Notice again that within the same *principal level*, orbitals with a lower value of *l* have lower energy (*E*) and therefore, are filled first. So, for a given value of *n*:

*E *(*s *orbital) < *E *( *p *orbital) < *E *(*d *orbital) < *E *( *f *orbital)

Now, a few important things about the orbitals and their electron capacity. First, remember that **each orbital**, whether it is s, p, d, or f can accommodate **two electrons at most**.

We can see this in orbital diagrams where the orbitals are shown as boxes and electrons as arrows, we never put more than two arrows in the box. For example, boron has two electrons in each s orbital of the first and second levels, and one electron in the p sublevel.

**Angular Momentum Quantum Number (***l*)

*l*)

So, how do we know what sublevels (**types of orbitals**) a given energy level has? This is determined by the **Angular Momentum Quantum Number ( l)**. It takes values of

**. For example, for the second energy level, n = 2, and therefore,**

*0, 1, … n-1**l = 0, 1 ,*so it can have two values, and therefore, the second energy level has two sublevels – s (

*l*= 0) and p (

*l*= 1).

Let’s put the orbitals corresponding to each value of *l* in a diagram as well:

**Example: **Identify the main energy level, the sublevel, and the maximum number of electrons that can have the following quantum numbers: n = 3, *l* = 2. Draw the orbital diagram to explain your answer.

**Solution:** The main energy level is given by the principal quantum number (*n*), so this is an orbital in the 3^{rd} energy level. For the sublevel (the type of the orbital), we need to look at the angular momentum quantum number, *l*, and when ** l = 2**, we have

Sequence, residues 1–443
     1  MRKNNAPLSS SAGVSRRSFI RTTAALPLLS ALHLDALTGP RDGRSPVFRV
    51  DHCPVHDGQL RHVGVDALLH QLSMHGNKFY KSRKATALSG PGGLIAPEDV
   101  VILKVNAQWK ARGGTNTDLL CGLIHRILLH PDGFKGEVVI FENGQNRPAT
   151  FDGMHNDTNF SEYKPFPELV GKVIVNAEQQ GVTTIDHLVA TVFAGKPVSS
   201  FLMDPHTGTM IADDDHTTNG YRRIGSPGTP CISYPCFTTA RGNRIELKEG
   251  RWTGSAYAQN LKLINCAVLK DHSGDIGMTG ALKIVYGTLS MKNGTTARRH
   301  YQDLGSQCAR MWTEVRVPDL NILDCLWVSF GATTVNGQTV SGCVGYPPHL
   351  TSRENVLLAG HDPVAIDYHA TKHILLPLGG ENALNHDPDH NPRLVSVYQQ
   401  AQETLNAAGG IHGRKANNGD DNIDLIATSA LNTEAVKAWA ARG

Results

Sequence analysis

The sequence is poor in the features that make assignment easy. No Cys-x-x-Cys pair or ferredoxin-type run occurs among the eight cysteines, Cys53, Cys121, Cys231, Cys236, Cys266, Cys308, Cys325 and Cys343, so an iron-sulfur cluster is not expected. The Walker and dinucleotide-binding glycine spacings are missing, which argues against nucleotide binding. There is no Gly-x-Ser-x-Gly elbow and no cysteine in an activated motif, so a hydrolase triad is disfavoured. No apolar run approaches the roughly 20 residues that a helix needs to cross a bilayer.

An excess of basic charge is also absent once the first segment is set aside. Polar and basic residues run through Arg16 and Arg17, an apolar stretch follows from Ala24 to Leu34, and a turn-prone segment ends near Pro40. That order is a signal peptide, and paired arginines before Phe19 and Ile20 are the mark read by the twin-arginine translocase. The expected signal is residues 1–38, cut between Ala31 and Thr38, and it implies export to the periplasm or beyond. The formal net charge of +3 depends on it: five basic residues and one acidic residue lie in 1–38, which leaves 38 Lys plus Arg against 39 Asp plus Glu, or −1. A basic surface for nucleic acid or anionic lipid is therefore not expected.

**d orbitals**. Therefore, this combination represents the 3d sublevel:

Each d sublevel has five orbitals, and because each orbital can accommodate two electrons at most, the maximum number of electrons will be 10.

**Magnetic Quantum Number, ***m*_{l}

*m*

_{l}

The next quantum number is the Magnetic Quantum Number, *m*_{l} which shows **the number of orbitals in the sublevel**. It takes values from **– l to +l** including the zero and all the integers. For example, when

*l*= 2, we have

*d*orbitals, and because

*m*

_{l}= -2, -1, 0, +1, +2, there are 5 orbitals in each sublevel.

The summary of quantum numbers including their meaning and values is given in the diagram below:

Based on the values of *m*_{l }(-*l *… 0 … +*l*), there can only be **1 s** orbital in the given energy level,